Archive for September, 2009

As I’ve researched more into the world of medieval Scotland, my interest in other fiction set in medieval times has grown.  I was lucky enough to find Nan Hawthorne’s site Medieval Novels which aims to be a comprehensive list of fiction set in medieval times.  She has arranged her page in several helpful ways– by time periods, by genres (mystery, fantasy and time travel, for instance), by region, by historical figures, by new releases.  Whatever time, person, or genre interests you, there is a category.  I found a wealth of books, new and old, set in all parts of the medieval world; books by well-known authors and books by newer authors. 

For a Shelfari group discussion, I did some research into medieval fiction specifically with strong musical themes, settings, or characters.  I found very few.  In addition to my own novel, which centers on the star member of a modern orchestra, and a harp-playing medieval warrior, there is Rose Tremain’s Music and Silence, set in 1600′s Denmark.  Her central character is the angelic-faced Peter Claire, lutist.  It is a fascinating look at the life of a court musician, and King Christian IV of Denmark.   If you like the dream-like, wandering style of writing, this book will definitely appeal to you.   Although not my favorite style, I did enjoy the book.

There is also Norah Lofts The Lute Player: A Novel of Richard the Lion-Hearted, king of England in the last days of the twelfth century.  It focuses on Richard’s lute player, Blondel, and his mother, Eleanor of Aquitaine.   I have not read this book, but Norah Lofts is a prolific writer with a strong reputation in the field of historical fiction, and I believe it would be well worth my while to track down a copy (it was published in 1951) and give it a try.  I’d be interested in hearing from anyone who has read it.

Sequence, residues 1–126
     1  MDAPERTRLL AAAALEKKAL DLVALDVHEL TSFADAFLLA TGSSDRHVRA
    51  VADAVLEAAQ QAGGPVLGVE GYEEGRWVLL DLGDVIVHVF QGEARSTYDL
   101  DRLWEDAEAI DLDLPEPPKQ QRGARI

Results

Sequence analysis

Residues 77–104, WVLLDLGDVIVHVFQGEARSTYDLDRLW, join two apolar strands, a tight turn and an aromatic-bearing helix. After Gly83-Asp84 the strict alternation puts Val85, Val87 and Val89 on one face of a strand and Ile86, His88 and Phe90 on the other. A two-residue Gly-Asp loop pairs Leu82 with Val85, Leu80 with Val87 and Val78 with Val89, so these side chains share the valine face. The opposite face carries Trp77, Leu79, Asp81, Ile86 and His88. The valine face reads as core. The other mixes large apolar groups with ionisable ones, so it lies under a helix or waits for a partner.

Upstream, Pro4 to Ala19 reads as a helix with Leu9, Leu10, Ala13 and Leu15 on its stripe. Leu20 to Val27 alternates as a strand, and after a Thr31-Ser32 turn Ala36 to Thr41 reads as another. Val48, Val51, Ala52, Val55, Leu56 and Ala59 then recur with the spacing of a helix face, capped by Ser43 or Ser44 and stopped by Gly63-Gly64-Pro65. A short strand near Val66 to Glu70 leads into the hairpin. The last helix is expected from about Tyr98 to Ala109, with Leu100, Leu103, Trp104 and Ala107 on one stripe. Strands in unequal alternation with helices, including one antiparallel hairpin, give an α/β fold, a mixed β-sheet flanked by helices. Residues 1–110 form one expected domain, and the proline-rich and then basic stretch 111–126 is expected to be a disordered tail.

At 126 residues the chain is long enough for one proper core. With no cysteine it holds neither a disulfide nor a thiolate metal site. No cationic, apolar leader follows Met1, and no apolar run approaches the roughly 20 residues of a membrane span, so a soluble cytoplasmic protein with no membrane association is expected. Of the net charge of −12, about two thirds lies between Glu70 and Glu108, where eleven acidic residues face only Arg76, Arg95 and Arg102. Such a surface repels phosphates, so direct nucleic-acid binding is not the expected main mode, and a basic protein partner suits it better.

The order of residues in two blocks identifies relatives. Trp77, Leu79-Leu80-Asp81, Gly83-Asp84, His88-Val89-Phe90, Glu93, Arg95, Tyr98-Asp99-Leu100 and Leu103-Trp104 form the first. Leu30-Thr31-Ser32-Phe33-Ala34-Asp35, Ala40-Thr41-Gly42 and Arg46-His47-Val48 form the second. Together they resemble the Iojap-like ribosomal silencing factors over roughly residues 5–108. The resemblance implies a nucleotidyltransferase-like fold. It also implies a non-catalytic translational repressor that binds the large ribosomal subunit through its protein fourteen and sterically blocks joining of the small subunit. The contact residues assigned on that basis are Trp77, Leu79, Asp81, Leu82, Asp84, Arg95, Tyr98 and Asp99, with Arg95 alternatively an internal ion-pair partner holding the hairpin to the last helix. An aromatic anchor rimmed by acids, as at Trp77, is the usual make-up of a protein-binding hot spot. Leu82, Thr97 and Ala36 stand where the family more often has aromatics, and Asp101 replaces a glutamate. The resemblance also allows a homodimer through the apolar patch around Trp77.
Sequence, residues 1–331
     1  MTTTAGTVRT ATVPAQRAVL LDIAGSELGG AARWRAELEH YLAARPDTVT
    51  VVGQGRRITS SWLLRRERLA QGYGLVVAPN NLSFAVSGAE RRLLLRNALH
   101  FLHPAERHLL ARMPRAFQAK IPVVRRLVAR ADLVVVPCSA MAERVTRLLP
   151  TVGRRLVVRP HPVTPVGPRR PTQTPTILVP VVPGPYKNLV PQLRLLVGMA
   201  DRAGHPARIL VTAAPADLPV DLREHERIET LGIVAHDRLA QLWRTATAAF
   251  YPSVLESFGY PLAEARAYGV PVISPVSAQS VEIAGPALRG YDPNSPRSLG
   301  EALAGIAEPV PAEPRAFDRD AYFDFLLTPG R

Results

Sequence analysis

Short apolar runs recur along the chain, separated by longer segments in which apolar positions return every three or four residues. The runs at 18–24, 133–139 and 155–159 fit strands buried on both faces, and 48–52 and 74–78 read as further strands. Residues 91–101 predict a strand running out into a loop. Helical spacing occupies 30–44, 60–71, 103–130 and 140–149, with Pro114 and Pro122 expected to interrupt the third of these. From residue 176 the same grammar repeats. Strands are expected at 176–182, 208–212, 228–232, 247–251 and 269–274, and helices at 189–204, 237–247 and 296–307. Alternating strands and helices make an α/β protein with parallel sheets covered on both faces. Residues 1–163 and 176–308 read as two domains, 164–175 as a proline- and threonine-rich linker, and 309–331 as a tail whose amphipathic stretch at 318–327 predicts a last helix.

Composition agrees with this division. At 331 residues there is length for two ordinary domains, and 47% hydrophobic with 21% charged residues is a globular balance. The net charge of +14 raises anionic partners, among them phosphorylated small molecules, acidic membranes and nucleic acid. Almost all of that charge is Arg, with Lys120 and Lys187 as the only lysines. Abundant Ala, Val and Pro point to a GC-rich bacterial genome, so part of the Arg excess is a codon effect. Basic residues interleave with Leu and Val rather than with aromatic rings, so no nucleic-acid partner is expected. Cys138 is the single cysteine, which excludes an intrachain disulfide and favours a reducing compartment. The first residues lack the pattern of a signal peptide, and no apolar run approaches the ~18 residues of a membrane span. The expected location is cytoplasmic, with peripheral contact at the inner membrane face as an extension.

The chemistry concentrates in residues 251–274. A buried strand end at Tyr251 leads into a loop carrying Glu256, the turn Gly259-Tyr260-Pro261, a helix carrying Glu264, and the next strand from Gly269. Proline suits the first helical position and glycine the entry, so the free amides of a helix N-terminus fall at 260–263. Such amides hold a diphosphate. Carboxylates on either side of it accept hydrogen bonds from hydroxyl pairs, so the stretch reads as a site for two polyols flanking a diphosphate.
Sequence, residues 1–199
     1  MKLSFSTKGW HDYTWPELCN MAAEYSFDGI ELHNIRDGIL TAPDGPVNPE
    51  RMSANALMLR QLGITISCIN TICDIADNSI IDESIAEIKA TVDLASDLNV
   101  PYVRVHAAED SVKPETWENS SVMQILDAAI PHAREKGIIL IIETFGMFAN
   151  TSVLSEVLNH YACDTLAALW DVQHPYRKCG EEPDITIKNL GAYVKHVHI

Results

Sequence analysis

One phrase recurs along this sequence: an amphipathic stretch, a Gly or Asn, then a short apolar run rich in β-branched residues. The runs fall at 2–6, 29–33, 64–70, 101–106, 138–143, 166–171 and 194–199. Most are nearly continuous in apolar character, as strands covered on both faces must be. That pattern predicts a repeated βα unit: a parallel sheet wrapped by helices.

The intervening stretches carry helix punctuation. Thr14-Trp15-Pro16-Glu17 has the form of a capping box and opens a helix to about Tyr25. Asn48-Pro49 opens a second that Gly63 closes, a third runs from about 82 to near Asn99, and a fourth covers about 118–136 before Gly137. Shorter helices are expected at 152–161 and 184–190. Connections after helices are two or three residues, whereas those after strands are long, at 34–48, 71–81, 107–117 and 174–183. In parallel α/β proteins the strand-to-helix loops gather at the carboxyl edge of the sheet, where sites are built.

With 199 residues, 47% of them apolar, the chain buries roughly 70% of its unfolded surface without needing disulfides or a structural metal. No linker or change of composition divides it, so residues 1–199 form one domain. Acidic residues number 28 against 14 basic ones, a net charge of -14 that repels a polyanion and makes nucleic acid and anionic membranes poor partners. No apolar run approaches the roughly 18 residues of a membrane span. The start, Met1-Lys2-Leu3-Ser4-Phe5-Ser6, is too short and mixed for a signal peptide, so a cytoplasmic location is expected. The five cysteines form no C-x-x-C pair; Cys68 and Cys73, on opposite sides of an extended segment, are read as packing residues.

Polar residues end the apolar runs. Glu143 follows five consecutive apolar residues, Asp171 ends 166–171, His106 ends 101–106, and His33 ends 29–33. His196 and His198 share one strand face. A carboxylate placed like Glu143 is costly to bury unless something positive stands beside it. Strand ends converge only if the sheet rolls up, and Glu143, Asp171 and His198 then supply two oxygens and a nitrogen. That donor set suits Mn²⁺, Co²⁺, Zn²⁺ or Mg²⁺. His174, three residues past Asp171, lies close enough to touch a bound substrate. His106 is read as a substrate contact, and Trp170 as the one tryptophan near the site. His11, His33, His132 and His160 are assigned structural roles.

There are certainly hundreds, even thousands, of books on either medieval times or musical themes, but finding ones that combine the two seems to be a needle hunt in a haystack.  If you, the reader, know of others, please leave a comment.

Hogmanay is a Scottish celebration that occurs in The Minstrel Boy, book 2 of The Blue Bells Trilogy.  It is the Scottish New Year’s Eve celebration, although by all accounts, much wilder than how your average American rings in the New Year.

With roots going back so far that the origin of the word itself is no longer known, but it originated in deep winter celebrations of sun and fire, and moving from there into the Roman Saturnalia, a Baccnalian event if ever there was one.  The Reformation drove much of the Hogmanay celebrations underground until the 17th Century, and in recent years, they have become far more extravagant even than what most of the 20th Century knew. 

Hogmanay celebrations these days are large events, often held at castles.  They include music of all sorts, rock bands, pipe bands, drinking, revelry, lots of kissing– it is New Year’s Eve, after all–fire ceremonies, swinging fire balls, fireworks, and singing of Auld Lang Syne.  In smaller towns, Hogmanay may be celebrated with ceilidhs (dances).

One youtube clip shows “1000 Pipers” marching down the Royal Mile outside of Edinburgh Castle: 1000 Pipers

Be prepared: this is a lot of bagpipes!  And I’m saying that like it’s a good thing.  It’s quite a sight to see so many marching in their kilts and sporrans, all playing together.

Scottish History at Suite 101 explains the reasoning behind the “first footing” tradition of it being considered good luck for the first person to cross your door at midnight to be a tall, dark-haired man: in the days of the Viking attacks, you didn’t want to see shorter, blonde men.  They were often raiding, pillaging, and raping.

Interestingly, as I search for details on how Niall might have celebrated at Glenmirril, I find that, with the exception of a few sketchy paragraphs about old traditions, and no details as to just how old those traditions are, there is virtually nothing.  There is plenty about medieval Christmases, but no mention of Hogmanay in the same period.  As Niall lived just after the days of the Viking raids, he may have still been celebrating very much like their Yule, which is also thought to have been a strong influence on Scottish Hogmanay.  He lived long before the Reformation that drove it underground, so chances are high that he did in fact celebrate it.